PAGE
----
At the time of this writing on Wednesday afternoon, the Tampa Bay Rays were 11-0 through their first 11 games of the new MLB campaign (and they will probably be 12-0 after playing my underwhelming Red Sox Wednesday night). It’s been an impressive start to say the least, mostly because of the parody that comes with playing the sport of baseball — anything can happen on any given pitch, and due to that, replicating success on a routine basis is difficult to accomplish, especially at the highest level of play. Yet almost inexplicably, while every other Major League team has already lost at least three games, Tampa Bay keeps finding ways to keep the streak alive.
Perhaps the most integral aspect of the Rays’ success early in the season derives from the fact that they are receiving contributions up-and-down their roster. Instead of being a team with a clear identity — such as being known as a team that smacks lots of homers or a team that wins due to their pitching staff — Tampa Bay’s identity has become that they excel in every aspect of the game. As of Wednesday evening, the team leads in Major League Baseball in team earned run average, on-base percentage, slugging percentage, on-base plus slugging, home runs and runs batted in. They are fifth in batting average with a mark of .283 as a unit, only seven batting average points behind the first-place Chicago Cubs. They’ve also struck out the least number of times amongst all 30 teams. Tampa’s pitching staff has allowed the fewest home runs in the Majors and opponents are hitting just .185 against them, both, again, tops in the league. On the defensive side of the ball, the Rays’ three errors this year tie them for the third-least number of errors.
It is difficult to attribute the team’s early success to one player because as it turns out, a handful of Rays have gotten off to sizzling starts to begin the year. On offense, Tampa Bay has five players who qualify to be statistical leaders (meaning they average over 3.1 plate appearances per game), and all five guys are batting over .300 to begin the season. Randy Arozarena tops the list with a batting average of .326, with Brandon Lowe, Isaac Paredes, Wander Franco and Yandy Diaz all following suit with marks of .321, .314, .311 and .303, respectively. All three players have already whacked multiple home runs (Arozarena’s two homers are the least of the group), while four of the five have already reached double-digit runs batted in (Diaz’s seven RBIs have been a solid contribution from the leadoff spot). In addition, all five players have an on-base percentage over .350 and slugging percentage over .530, both of which far outweigh the average on-base and slugging percentages among all 30 teams.
Outside of the team’s five qualified hitters, the offense continues to see contributions from the Ray’s plethora of depth. That includes Jose Siri, Josh Lowe and Taylor Walls, all three of whom are also batting over .300 on the young season. Siri’s eight runs batted in are one better than Diaz, despite Siri playing in only six games compared to Diaz’s nine. Lowe has been an extra-base machine, as the outfielder is tied for the team lead in doubles with Wander Franco (four). As a small-market team that continues to compete with their higher-budgeted competition, the Rays have made a habit of drafting well and finding unwanted talent and turning them into solid Major League players. In turn, Tampa’s offense has been perhaps the league’s best thanks to the outstanding depth that manager Kevin Cash has to work with. No matter who he’s slotted into the batting order, he’s experienced positive results.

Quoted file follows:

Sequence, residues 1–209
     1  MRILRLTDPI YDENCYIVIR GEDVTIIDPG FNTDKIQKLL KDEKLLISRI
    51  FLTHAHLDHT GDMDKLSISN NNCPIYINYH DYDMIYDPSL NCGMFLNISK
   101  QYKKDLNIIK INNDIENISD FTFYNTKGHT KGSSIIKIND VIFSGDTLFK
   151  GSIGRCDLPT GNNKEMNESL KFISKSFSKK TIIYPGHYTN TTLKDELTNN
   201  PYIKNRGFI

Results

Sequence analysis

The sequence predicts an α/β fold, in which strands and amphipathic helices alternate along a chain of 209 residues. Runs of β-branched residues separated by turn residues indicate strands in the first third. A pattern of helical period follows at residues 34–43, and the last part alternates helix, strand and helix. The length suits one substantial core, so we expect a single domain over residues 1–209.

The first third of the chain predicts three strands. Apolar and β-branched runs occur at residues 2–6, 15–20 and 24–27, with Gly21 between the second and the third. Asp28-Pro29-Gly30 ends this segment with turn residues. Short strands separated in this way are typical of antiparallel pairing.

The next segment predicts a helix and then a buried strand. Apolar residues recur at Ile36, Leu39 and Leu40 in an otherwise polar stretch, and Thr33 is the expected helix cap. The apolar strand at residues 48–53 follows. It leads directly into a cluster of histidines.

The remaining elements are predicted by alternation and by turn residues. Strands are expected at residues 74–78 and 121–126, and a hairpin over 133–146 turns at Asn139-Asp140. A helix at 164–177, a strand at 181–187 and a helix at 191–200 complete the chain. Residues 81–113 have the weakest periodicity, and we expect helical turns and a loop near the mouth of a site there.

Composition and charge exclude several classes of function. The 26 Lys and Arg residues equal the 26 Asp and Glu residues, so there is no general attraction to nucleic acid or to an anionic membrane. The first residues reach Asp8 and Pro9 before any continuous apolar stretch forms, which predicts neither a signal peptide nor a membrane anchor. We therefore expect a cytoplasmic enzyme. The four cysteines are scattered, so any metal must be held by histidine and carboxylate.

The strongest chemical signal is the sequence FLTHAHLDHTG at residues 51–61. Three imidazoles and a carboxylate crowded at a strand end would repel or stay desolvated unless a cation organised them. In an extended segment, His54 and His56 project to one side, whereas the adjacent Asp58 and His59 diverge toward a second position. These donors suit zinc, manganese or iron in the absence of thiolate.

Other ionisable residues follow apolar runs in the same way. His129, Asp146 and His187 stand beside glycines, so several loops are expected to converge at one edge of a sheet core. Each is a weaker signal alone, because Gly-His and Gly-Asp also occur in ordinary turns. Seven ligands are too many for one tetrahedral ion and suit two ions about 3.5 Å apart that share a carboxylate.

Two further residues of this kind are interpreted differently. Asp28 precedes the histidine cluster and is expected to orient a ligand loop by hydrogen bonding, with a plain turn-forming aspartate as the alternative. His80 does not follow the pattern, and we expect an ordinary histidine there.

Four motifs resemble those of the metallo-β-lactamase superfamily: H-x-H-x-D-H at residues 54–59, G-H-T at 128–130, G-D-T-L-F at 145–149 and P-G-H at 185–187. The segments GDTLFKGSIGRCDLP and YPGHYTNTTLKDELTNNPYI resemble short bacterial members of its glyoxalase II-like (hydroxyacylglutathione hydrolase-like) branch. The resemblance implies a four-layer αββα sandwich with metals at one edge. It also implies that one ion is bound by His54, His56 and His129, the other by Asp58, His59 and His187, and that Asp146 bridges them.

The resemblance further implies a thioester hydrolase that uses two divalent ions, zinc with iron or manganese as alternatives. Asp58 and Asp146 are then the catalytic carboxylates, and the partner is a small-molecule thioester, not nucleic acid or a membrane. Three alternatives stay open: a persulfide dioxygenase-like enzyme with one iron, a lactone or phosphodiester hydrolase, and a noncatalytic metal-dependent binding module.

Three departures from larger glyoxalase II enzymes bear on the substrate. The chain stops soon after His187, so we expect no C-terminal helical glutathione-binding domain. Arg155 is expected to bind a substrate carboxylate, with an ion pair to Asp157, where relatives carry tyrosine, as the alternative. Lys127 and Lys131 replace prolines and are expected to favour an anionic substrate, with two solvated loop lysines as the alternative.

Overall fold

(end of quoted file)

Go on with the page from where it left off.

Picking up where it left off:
On the bump, the Rays have been the league’s best when it comes to shutting down opposing offenses. As mentioned previously, Tampa’s pitching staff ranks first in the Majors in earned run average with a ridiculous mark of 1.73, just under .7 earned runs in front of the second-place Minnesota Twins. All four of the team’s qualified starters have ERAs below 3.27, giving Tampa Bay the luxury of rolling out a reliable starter on a regular basis. Drew Rasmussen and Jeffrey Springs have each pitched 13 innings apiece and neither have yet to allow a run, while Shane McClanahan has compiled an ERA of 1.59. All four of their starters, the other being Zach Eflin, have struck out more batters than they have innings thrown, meaning the Rays’ starters are averaging over a strikeout per inning. Not only are they keeping their opponents off of the basepaths by limiting the number of hits that they allow, but Tampa’s ability to strike opponents out has meant that their defense has faced few challenges over the first few weeks of the season. When it comes to the bullpen, the Rays still rank among the league’s best; they are second in MLB with a bullpen ERA of 1.58.
While winning streaks in baseball are always a thing to behold, it’s hard to question the legitimacy of Tampa Bay’s early-season success given the performances that the team has received from players up-and-down the roster. The Rays have made it a priority to be competitive year-in and year-out, regardless of who fills each position on the diamond. As a result, the team may have a few unrecognizable names on the roster and always seems to face the question of how competitive they will be in the American League East. If there was ever any question as to how competitive the Rays would be in 2023, the team has been quick to shoot those doubts down.